The next app idea was a potato recipe app, because her favourite food is potatoes. It could also show arts and crafts ideas and songs – anything fun to do with potatoes in one app.

Another thing she likes is puns – a pun generator was my next idea – something to make her smile on the bus to town.

I also came up with a dictaphone app to aide creative writing and an app that plays a collection of calming sounds like sea and white noise. My initial icon design ideas are below, followed by a representation in Photoshop of my ideas. I used an app icon template available for download and use.

Ci138 app ideas

app representation


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07 Feb

Samsung vs iPhone: the debate continues

I’ve recently upgraded from a Samsung Galaxy S2 to an iPhone 5s. These two phones aren’t directly comparable; the iPhone is a much newer version, equivalent to the S4 in real terms.

I have noticed a few major differences though.

The iPhone feels more substantial, and the actual device is nicer to hold. The screen is quite noticeably smaller though, and I find myself missing the larger functional area of the Samsung. The iPhone has a few annoying design flaws too. I find myself accidentally hitting buttons that have been placed on the touch screen in the wrong position. This never happened with the Galaxy.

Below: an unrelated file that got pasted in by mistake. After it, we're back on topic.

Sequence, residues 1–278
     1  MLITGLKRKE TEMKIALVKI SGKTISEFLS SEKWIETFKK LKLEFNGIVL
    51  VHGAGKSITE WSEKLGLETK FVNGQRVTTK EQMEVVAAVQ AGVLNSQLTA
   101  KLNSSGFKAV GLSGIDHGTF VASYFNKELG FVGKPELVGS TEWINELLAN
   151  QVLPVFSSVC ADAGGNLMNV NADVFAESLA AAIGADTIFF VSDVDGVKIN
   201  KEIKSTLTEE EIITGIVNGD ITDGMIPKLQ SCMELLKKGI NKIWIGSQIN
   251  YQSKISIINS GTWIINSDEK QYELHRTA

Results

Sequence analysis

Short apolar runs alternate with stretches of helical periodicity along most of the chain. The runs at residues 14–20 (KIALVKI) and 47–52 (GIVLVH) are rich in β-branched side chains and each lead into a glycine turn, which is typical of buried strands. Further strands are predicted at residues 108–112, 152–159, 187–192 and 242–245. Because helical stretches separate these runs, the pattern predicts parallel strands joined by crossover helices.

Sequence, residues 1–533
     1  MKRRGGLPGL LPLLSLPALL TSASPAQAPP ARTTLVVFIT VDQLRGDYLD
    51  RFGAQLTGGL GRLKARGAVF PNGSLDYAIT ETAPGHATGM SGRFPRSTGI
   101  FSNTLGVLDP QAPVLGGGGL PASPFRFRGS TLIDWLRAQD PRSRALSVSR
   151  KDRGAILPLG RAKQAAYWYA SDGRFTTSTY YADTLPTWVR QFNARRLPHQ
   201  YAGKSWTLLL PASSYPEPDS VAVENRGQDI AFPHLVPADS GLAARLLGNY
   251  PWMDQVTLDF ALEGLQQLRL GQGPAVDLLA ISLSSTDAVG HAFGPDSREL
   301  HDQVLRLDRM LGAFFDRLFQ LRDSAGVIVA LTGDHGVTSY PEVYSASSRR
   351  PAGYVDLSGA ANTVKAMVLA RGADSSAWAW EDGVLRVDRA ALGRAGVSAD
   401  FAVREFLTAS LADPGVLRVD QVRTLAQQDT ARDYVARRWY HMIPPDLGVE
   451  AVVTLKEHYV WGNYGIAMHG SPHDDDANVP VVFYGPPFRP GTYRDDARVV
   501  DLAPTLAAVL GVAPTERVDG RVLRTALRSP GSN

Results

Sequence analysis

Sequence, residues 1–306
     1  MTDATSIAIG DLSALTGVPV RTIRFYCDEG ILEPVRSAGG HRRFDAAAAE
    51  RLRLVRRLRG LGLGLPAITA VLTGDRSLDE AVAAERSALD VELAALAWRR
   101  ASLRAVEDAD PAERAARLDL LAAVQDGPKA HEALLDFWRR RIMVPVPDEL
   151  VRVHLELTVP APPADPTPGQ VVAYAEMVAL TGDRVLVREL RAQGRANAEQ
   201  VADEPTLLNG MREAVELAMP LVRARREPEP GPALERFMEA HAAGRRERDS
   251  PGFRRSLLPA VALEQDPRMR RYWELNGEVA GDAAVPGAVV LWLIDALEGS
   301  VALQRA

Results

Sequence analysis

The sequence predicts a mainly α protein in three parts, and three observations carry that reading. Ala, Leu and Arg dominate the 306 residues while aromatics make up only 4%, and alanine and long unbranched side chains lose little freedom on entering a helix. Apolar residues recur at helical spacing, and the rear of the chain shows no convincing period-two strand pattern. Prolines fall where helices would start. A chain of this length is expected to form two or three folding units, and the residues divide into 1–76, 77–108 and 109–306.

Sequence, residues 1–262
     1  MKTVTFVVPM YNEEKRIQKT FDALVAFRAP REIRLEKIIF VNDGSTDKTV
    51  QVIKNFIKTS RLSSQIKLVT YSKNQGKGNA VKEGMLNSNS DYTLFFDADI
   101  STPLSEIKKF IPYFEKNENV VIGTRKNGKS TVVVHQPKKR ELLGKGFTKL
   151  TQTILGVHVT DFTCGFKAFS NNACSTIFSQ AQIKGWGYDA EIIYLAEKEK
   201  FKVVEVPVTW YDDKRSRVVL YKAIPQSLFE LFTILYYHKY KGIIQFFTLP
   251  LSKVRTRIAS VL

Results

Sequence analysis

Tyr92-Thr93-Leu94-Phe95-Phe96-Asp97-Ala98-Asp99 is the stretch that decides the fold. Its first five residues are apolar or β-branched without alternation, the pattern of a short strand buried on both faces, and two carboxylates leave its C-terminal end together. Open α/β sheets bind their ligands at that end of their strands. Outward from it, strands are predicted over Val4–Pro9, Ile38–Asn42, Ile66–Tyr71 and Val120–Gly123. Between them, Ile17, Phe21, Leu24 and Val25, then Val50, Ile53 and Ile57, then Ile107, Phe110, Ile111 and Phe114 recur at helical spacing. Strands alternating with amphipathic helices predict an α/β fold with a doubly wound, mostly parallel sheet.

There is also the difference between iOS and Android, with Android being an open source platform. For some, this is a deal breaker, but for other users this makes no difference whatsoever.

I still haven’t decided which I prefer. There are more similarities than differences, so it is hard to say definitively that one is better than the other. Next time my contract is up though, I’ll have a hard time choosing. There is another major difference – the Galaxy is cheaper. For some, the choice is clear. For now, I’m hanging on to my S2 as a back-up phone. Are you loyal to one brand in particular? I’d like to know your thoughts.